Yes, it was better to be submissive, to believe in good intent even if it turned out to be false. I was alien to these men, men of duty. Kind as Sir Hildegard had been, I still had to believe that some part of him could not let a creature like me run free. Perhaps it was for my protection, perhaps it was for the protection his people, but I was his charge now, and nothing would be truly resolved until I left or was accepted by the superiors that led him.
Hunter, Prince Merridale—I felt as though I needed him the most now. But perhaps that was not quite true. I had needed him dearly at Cadenza's wedding without knowing it, needed his company when he saw me in the Dome's gardens, needed his comfort at his home when all my fears finally spilled out. I had needed him those times, as well as his friends, and truly, I did not know how much until I was removed from them. Even surrounded by men, kindly gentleman willing to treat me well under very strange circumstances, I was alone in the pains of my heart.
I brought my hands to my chest, blinking in surprise when I felt a small, warm lump beneath my cloak. Mama's pendant was there, the lovely firefly that she said would help me return home. Such magic I knew little of, but it caused a spark of hope that shivered all the way through me. How could I have forgotten? I was lost, very deeply so in an entirely different world, but it was not reason to despair. My friends had not left me alone with nothing—were it not for Hunter, I would not have even an inkling of an idea where I was. No matter how long it took, I would not be forgotten... not so long as I did not forget them.
Perhaps it would be better in the city after all. Hunter was estranged from his country, but he had other friends besides himself that might visit. Hildegard and the others had spoken of them, and it could not simply be dumb luck that it was their patrol that had found me. Something greater was at work here, even if it was just a whimsical trick of the Dome. Was it some manner of test? Whatever the case, I would not be running from it.
“I... must ask...” I looked up to Peter, who I still rested against for fear of falling off the horse. “I haven't the proper currency to repay any of you for the kindness you offer, and I do not know how long I shall be here. Is there anything I may do in return? You need only name the deed and it is done.”
Peter looked instantly to Hildegard, and felt guilty for it, for wanting, but sudden hope had grasped him and he couldn't help but try to ride it out wherever the chance would go. Only his lieutenant knew fully of the worries that burdened him, of how sick his grandmother Doris was, with that terrible cough they swore would be the end of her, or the sudden ailment that had fallen over his nephew Jeremy, leaving the young boy feverish and red all over. His sister Ella fretted over them night and day, but none of the local remedies had worked. They had tried leeches, and all sorts of concoctions, but nothing they had so much as helped break the fever, or did more than soothe the cough for a night.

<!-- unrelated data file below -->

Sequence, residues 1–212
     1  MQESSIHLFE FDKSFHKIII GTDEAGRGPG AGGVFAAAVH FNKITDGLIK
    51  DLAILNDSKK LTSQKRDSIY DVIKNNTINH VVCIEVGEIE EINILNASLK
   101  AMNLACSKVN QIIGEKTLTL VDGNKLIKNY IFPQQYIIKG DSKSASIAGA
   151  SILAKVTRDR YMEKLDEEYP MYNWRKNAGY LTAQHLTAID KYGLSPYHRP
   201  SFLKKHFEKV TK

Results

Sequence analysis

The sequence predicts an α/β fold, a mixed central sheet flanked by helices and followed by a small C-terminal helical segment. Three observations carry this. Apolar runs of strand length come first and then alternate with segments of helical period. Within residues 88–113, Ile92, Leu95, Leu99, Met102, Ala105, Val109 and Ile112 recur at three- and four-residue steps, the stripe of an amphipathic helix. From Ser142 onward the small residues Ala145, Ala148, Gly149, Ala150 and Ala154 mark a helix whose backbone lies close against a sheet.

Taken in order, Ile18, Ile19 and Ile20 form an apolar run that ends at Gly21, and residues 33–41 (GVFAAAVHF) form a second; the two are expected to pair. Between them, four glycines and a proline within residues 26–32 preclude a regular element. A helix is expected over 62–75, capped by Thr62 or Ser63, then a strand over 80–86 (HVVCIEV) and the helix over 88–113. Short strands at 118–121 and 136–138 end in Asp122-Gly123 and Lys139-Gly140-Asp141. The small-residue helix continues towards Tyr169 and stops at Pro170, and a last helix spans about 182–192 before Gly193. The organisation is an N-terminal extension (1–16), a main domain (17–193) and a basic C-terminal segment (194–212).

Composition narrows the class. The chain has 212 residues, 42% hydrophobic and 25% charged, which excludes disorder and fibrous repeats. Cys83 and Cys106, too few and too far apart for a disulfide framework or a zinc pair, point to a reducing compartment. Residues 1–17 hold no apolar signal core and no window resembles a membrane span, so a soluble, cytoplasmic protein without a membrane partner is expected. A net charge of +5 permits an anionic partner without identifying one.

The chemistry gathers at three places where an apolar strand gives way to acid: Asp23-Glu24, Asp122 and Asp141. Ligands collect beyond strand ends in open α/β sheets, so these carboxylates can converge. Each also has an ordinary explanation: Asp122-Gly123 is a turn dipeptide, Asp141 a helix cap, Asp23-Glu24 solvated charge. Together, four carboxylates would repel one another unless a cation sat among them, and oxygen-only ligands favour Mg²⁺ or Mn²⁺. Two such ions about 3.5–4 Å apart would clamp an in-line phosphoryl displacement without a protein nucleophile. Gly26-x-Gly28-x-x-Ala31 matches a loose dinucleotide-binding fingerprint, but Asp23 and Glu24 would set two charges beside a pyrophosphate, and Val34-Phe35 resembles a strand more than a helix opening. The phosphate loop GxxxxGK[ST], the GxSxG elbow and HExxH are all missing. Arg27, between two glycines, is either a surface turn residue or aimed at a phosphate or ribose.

Hildegard personally did not like the thought of asking a favor of their guest, this guest in particular, whom he already felt so many uncertainties towards, but he could also sympathize with his friend. Losing family was not something that settled on you lightly. He could still recall the day he and Neville lost their parents, even if his younger brother could not.
The way she healed my hand... she has talents no healer here could ever hope to possess. She could save them... and would it not be to Peter's benefit, to the land's benefit, to have a knight with a clearer head, one who could focus more on king and country? They say if your affairs at home are peaceful, you can serve that much better... My friend, do I not owe you this chance? If we may trust her, she could do so much good for those dear to you... How could I question it, after what she has done so kindly for me?
The lieutenant nodded meaningfully to his friend, "go on," it said. They met eyes for a moment and Peter's face grew grateful, and relieved, and yet anxious all at once. Could she do it? Would she? Would she use her powers again...?
"M...milady..." he spoke up, unsure in his speech for once, "if you would... I... we... we normally would not ask anything of you in return, as... as you say, but... in these circumstances... I would be amiss to--" he cleared his throat and tried again, more directly, "My grandmother and my nephew are quite ill, and we saw what you could do for our lieutenant in the wood... if... if you would, could you try the same for them...? We could take you to my lodgings... perhaps it might even be safer there, you may be more welcome... and... you could help them... Would you? Please, could you, milady?"
“You hardly need ask.” The mere suggestion lifted my heart, and I placed my hand gently on his chest, wishing I could share how pleasing his question was. They had shown so much fear towards even the slightest show of my magic, but now they were willing to ask for its use. How could I possibly decline, particularly when it involved those Peter cared for? “I am happy to help in such a way, and I am certainly able to.”